Rand Spero

OUR EGOS CAN TORPEDO our investment decisions. Here are four examples, plus some suggestions for how to avoid these pitfalls:

1. Confirmation bias. People often support their strong financial opinions by only seeking out confirming information. One of my financial-planning clients worried about inflation and its potential impact on his savings. He only read articles that stated inflation and interest rates would soon be going through the roof. But this economic prediction didn’t come to pass. Instead, inflation and interest rates actually went down. Fortunately, he’d agreed to buy a diversified portfolio that didn’t depend on any particular economic forecast.

2. Overconfidence. Many of us like to think of ourselves as above average. The idea of simply matching the performance of the market with passive index mutual funds can seem mundane. Even if we know that index funds have outperformed more than 80% of active funds over 10-year holding periods, we may be convinced of our ability to pick a “market beater.”

Unfortunately, even active funds with a stellar history can come up short. Famed investor Bill Miller ran the actively managed Legg Mason Value mutual fund, which outperformed the S&P 500-stock index for an amazing 15 years in a row from 1991 to 2005. A Fortune magazine senior editor wrote an article in 2006 calling Miller “the greatest money manager of our time.” But in 2008, when the market crashed, his esteemed Legg Mason fund lost almost 18 percentage points more than the overall market. It ended up ranking in the bottom 1% of all U.S. stock funds for a five-year period.

3. Bruised egos. While we all make investment mistakes, our battered egos may not want to learn from a bad experience, let alone talk about it. Based on his accountant’s recommendation, my uncle bought into an expensive limited partnership. This partnership purchased a promising commercial site in Fort Lauderdale, Florida, near a proposed convention center. While the building location turned out to be thriving, the master partner proved to be dishonest and my uncle lost his entire investment. I suggested that he share his unfortunate experience with others, so they could learn from it. But my uncle felt his investment decision reflected badly on him, so he refused to discuss it.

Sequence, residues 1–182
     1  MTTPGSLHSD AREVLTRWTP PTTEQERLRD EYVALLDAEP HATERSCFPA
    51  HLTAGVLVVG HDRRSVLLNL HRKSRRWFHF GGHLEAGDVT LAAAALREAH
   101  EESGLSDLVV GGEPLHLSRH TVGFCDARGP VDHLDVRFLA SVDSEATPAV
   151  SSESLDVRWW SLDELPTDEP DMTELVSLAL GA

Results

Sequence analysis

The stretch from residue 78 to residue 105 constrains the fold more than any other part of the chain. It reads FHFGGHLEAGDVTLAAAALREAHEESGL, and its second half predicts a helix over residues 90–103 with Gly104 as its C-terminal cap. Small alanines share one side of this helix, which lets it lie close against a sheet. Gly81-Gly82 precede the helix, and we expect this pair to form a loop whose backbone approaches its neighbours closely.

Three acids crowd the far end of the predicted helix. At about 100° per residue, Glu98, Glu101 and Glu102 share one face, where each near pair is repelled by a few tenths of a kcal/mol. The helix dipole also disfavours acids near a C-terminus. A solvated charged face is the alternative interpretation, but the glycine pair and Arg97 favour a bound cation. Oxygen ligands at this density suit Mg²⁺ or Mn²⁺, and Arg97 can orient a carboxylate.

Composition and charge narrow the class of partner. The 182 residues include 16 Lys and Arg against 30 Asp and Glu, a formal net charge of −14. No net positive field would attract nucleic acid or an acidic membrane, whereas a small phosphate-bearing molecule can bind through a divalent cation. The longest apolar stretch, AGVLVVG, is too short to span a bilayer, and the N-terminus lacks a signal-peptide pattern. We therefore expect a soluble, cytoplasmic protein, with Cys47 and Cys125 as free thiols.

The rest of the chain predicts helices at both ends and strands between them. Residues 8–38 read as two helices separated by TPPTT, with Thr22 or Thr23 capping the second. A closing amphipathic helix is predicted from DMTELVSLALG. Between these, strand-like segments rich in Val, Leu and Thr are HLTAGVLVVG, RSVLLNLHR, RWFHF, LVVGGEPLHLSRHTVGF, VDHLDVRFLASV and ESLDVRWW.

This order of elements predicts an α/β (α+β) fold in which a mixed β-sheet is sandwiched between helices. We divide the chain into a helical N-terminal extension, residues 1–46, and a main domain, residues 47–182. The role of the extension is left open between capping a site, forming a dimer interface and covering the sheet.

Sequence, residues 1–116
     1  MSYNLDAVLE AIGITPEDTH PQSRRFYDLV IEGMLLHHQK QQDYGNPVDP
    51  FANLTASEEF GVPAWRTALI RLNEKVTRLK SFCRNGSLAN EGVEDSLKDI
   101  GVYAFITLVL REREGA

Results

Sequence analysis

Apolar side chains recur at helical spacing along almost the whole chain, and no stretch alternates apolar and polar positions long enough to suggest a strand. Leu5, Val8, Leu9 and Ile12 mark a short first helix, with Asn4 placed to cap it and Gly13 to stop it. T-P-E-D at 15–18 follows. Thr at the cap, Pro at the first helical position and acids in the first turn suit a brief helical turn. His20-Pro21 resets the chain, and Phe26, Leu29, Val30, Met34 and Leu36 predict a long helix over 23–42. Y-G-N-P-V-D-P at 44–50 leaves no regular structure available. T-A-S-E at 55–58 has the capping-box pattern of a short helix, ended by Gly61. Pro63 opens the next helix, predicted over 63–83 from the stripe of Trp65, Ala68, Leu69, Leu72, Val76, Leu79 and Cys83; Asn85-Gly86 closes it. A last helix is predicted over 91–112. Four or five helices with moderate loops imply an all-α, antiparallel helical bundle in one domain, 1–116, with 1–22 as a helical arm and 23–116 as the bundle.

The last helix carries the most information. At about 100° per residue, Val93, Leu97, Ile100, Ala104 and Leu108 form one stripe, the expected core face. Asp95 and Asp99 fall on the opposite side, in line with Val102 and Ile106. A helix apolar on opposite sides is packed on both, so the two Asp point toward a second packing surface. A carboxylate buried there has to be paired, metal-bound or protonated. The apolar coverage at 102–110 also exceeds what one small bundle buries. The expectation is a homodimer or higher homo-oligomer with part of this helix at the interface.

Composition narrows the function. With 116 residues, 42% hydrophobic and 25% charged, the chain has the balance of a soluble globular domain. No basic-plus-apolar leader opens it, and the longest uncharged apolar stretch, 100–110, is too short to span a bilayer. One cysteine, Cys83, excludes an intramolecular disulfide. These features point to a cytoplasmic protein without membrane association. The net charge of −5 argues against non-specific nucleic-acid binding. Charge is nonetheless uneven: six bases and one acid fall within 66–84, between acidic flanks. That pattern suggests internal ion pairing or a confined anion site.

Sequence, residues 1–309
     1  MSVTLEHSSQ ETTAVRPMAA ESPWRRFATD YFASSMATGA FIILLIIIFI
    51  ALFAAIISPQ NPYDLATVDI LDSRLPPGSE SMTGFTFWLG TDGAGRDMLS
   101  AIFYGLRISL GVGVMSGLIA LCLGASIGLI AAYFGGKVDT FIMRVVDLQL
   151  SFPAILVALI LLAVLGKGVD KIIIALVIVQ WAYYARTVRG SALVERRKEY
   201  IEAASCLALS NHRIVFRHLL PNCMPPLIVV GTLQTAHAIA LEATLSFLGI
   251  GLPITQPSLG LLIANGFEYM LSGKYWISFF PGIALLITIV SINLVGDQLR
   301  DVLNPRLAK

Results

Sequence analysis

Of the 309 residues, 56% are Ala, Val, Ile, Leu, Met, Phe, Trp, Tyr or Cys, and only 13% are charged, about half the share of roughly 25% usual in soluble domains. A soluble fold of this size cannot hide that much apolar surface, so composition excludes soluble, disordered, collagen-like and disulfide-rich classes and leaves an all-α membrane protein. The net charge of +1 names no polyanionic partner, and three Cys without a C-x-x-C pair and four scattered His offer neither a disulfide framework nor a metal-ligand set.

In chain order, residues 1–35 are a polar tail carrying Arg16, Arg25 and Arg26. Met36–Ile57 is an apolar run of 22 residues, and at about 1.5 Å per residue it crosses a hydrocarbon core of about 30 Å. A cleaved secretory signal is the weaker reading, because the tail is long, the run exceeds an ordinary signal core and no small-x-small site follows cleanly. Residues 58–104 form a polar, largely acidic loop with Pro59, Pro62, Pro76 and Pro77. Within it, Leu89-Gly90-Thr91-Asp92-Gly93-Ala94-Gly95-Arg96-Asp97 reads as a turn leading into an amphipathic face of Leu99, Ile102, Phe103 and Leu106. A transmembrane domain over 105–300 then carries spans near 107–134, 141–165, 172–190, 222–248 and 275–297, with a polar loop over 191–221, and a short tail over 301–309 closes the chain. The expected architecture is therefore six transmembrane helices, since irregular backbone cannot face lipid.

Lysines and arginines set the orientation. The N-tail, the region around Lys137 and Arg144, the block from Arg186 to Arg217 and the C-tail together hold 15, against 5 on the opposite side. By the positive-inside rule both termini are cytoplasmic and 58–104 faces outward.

4. Overvaluing complexity. When it comes to investing, there’s an advantage to admitting, “I don’t understand.” Enron and Bernie Madoff both had “magic formulas” that seemed to generate amazing returns. After they collapsed, it became apparent that even experienced investors didn’t understand them.

Today, expensive alternative funds offer complex ways to supposedly protect investment portfolios when the stock market tanks. But do they really help anyone, except their highly paid managers? Morningstar recently compared high-cost alternative funds with traditional low-cost bond funds. The Chicago research firm found that plain-vanilla intermediate-term U.S. Treasury bond funds provided the best protection during market downturns.

Struggling to remove your ego from your investment decisions? To get some fresh perspective, ask yourself: How would I advise someone who’s facing the same financial conundrum?

Rand Spero is president of Street Smart Financial, a fee-only financial planning firm in Lexington, Massachusetts. His previous articles were Human FactorWhy Wait and Help Yourself. Rand has taught personal finance and strategic planning at the Tufts University Osher Institute, Northeastern University’s Graduate School of Management and Massachusetts General Hospital.

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